Whiskey straight up

Taking the time, and risk, to do whiskey right

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Hudson Lindenberger

Whiskey, the spirit that fueled the Wild West, is hot again, with global sales topping $3 billion last year, creating a run on all styles of the spirit. Fortunately for Coloradans, distillers are popping up across the state creating their own unique versions of this American staple and helping fill demand across the Rockies. One of the newest, Laws Whiskey House, is just down the road in Denver and might be creating one of the best bourbons in the state. And soon it will be available across Boulder County.

Al Laws not only makes whiskey, it’s his passion.

“When I decided to create my whiskey I did not want to divide my focus; my goal was to make the best product possible,” Laws says. His first batch of bourbon needed to age in charred American White Oak barrels gaining complexity and flavor imparted slowly month after month. This risky gamble meant that he did not have anything to sell for four years, a long time with no cash flow, something most startup distillers could not survive.

Working mornings and evenings around his day job, Laws kept creating whiskey… lots of whiskey. By the time he hand-bottled his first batch in October of last year, there were close to a thousand barrels in various states of aging throughout his distillery— about $15 million worth of inventory. After the 4,400 bottles of the first batch of A.D. Laws Four Grain Straight Bourbon sold out in just eight weeks, Laws quit his day job.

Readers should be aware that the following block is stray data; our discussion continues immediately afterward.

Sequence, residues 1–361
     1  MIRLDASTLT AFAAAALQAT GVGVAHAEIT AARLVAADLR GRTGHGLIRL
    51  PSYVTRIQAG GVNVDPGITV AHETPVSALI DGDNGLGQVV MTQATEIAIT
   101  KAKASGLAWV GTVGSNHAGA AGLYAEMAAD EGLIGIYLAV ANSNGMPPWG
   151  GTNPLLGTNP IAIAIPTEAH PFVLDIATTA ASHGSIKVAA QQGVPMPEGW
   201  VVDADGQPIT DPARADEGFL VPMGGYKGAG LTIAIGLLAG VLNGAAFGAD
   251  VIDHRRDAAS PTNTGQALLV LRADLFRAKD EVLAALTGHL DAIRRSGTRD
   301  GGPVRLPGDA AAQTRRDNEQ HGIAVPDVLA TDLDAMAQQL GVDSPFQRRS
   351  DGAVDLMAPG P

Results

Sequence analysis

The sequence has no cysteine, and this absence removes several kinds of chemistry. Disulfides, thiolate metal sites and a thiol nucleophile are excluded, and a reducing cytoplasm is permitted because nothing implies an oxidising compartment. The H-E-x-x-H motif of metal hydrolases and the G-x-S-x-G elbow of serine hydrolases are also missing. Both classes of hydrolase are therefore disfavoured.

The four grains in his inaugural release (corn, barley, rye and wheat) are each used to create their own styles of whiskey, but very few distillers, big or small, blend all four — it’s just too hard.

“Rye is one of the hardest grains to distill with, it imparts such a distinctive spicy finish it can overpower everything else,” says Laws. “But if you get it right then it’s magic.”

Laws’ bourbon is double distilled using a sour mash open-air process with wheat, barley and rye grown in Alamosa and corn from Wisconsin.

“We are working with our growers to find Colorado corn that meets our standards. Once we find that, we will be 100 percent Colorado,” Laws says.

Their 550-gallon still churns out a constant stream of whiskey allowing Al Laws and master distiller Jake Norris to lay down 40 barrels of whiskey a month. Their Four Grain Straight Whiskey is a blend of barrels from two-years old to three-and-a-halfyears old.

“One of the advantages of aging whiskey in altitude is the constant change in barometric pressures forcing the liquid in and out of the charred wood inside our barrels. It speeds up the process allowing us to create a mature whiskey faster than we would be able to at sea level,” Laws says. “We then blend to develop the layers of flavors essential to good whiskey.”

The finished product is an incredibly complex bourbon that is perfectly balanced. The hint of spice from the rye works in concert with the sweeter flavors from the wheat. Next up, they are getting ready to bottle their second batch of 5,200 bottles with plans to bring it to Boulder in the next few months. But if you can’t wait and are craving a bottle now, head to their distillery at 1420 S. Acoma St. in Denver.

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